Respecting the nymI am particular about names. When people are introduced to me, I generally ask what they like to be known as. If they're Michael, I might say, is that Mike? It stems from my belief that we all deserve freedom. You should be free to be who you want to be. If I respect you, I will call you by any name you wish to be called by. I call it "respecting the nym". (Your "nym" is what you are known as online. I've been Dr Zen as long as I've been online, and I've definitely had times in my life when I've preferred being Dr Zen to David, and times too when the opposite is very much true. Yet I've retained the nym, and have not surrendered my anonymity -- even though I'm not very anonymous when it comes down to it.) It was easy for me, for instance, to call Zenella by her full name when she asked me to. (We had always known her as "Zeni", I guess, and we actually called her Zenella so that she would go by Zeni.) It wasn't a big deal for me. I just switched her mental label.
Some boys have been teasing Naughtyman about his name. Which makes me sad because I love his name. It is deeply meaningful to me, redolent of my ideal of masculinity, aspirational and hopeful. But I told him he could be known by his middle name (although he is named after a deceased cousin and it would be awkward for some of his relatives if he did go by that name), or he could call himself Thomas (his favourite name for the obvious reason) or any name he chose. But he decided he would be Naughtyman after all.
As I've blogged boringly in the past, I never cared much for my name. I'm nothing like a Dave, and, with the exception of C, no one here who actually likes me calls me by it (although just about everyone in the UK calls me Dave, so it's not like it bothers me). But David is ballsachingly formal. Because there is Dave, anyone who goes by David is announcing that they are pompous. Still, most people who know me in Australia call me David.
Some, though, call me Davey, but only my sisters and Mrs Zen--and recently, to his credit, M. I suppose they are the people who know me best, and they know it's what I call myself (although, let's face it, my email addy is a big hint).
Why do I like it? There's a simple reason. It's because my granddad called me Davey and when I was a kid, I loved my granddad to bits. I cherish his memory to this day, because he never did anything to make me sad, bar ask me to kill him when he was in his last days (I was too cowardly, I'm ashamed to say, and I've always regretted it, because I do not at all believe it a sin to end a life that is already ended).
My granddad was not my blood relative. He was my dad's stepdad. I never knew his biological dad. He left my nan when my dad was a child. She drove him out, and when I found out the truth about all that, I lost respect for my nan. But in any case, my step granddad was my real granddad. He loved my dad and he loved me, in his own idiom, without reservation. Unlike my dad, he did not mess around with love. If he loved you, he loved you, and you knew it. He was a generous man, willing to share his last crust, and prided himself on owing nobody anything. He never had a penny in credit in his life, always rented, no mortgage, and lived simply. I stayed with my grandparents when I was in my late teens, for some months, and his life had a simple, but dignified, rhythm. He would fix up the fire, eat breakfast, walk the dog, put a few bets on, buy as much beer as his budget would stretch to, generally a fourpack, and relax and watch the races if they were on telly, reading--he read everything--and listening to the local radio.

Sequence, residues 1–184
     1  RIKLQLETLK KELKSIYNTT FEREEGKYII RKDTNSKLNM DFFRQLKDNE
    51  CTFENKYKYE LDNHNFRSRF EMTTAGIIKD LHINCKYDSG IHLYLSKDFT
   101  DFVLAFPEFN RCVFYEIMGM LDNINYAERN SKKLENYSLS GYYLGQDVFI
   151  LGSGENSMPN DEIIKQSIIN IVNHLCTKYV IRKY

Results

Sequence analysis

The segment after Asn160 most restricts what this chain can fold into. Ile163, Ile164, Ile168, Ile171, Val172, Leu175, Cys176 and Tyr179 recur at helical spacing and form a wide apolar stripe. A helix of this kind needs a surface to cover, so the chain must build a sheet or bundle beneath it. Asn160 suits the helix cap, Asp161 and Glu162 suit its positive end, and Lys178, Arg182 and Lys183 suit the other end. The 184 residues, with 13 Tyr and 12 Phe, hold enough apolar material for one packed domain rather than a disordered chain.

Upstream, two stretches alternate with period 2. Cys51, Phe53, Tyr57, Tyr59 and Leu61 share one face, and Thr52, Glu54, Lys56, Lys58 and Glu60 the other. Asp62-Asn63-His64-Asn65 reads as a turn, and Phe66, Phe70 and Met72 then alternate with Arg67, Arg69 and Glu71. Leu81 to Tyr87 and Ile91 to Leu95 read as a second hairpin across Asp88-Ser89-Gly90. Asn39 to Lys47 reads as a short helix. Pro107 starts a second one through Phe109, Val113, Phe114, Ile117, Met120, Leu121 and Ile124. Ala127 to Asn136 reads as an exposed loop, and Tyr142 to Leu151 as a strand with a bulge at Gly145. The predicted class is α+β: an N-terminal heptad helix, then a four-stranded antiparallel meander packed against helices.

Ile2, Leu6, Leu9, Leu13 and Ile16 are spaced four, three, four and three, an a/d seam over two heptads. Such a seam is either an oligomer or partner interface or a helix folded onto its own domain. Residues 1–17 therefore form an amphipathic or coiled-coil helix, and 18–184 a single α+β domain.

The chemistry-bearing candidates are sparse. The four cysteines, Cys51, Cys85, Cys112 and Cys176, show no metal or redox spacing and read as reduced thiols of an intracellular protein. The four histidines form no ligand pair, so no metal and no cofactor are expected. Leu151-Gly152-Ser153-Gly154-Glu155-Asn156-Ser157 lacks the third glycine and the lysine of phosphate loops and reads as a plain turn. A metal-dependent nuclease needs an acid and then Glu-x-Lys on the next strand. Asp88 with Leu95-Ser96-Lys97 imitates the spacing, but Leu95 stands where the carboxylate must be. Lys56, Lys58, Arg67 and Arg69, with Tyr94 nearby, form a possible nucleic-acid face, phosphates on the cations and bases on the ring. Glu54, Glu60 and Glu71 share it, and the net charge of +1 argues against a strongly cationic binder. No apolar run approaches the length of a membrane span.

He was courteous when he met people in the street, but treated intimates with a rough humour that it was easy to understand was a show of affection (well, easy for me and for J, who adored him, but not so easy for my mum, who was hurt because he teased her for being a snob, which she was sure he was not). When he saw me, he would say "what you doing, smackhead?", dragging out the "k" as Scousers do.
I remember when we were kids, he would visit with our nan. They would have saved up money and would treat us to ice creams and sweets. I loved it when they visited. Granddad introduced me to horse racing and communism, for which I thank his memory, because he showed me that the former was a challenge worthy of a man's time, and the latter was just an expression of our desire for fairness. He did not believe the world was just, but he believed it ought to be.
I remember he would come into our rooms before he went out to the pub and he would tell J that he was going to "clip out for a slider", and she would beg to come. Today, Zenita loves to sip my beer or wine, and she is just like J in a lot of ways. I only hope that she grows to be as beautiful a person as J, albeit perhaps better able to cope with the downswings a little better. Everyone in our village who liked a drink knew my granddad. He had more friends in my home town than our dad.
I think he was a good man. He seemed that way to me. He did not build anything, grow anything, change the world or do anything that left much lasting mark, but for all that, he never diminished the world he lived in, and no one would say, I'm sure, that he had not on the whole been a positive for the world. What more can any of us want to be said of us?
When he died, I was proud to read his favourite poem at his funeral in his memory, and I hold it dear to this day, because it expresses the simple credo that fuelled his life, and because I am like him, mine too:
A Book of Verses underneath the Bough,
A Jug of Wine, a Loaf of Bread--and Thou
Beside me singing in the Wilderness--
Oh, Wilderness were Paradise enow!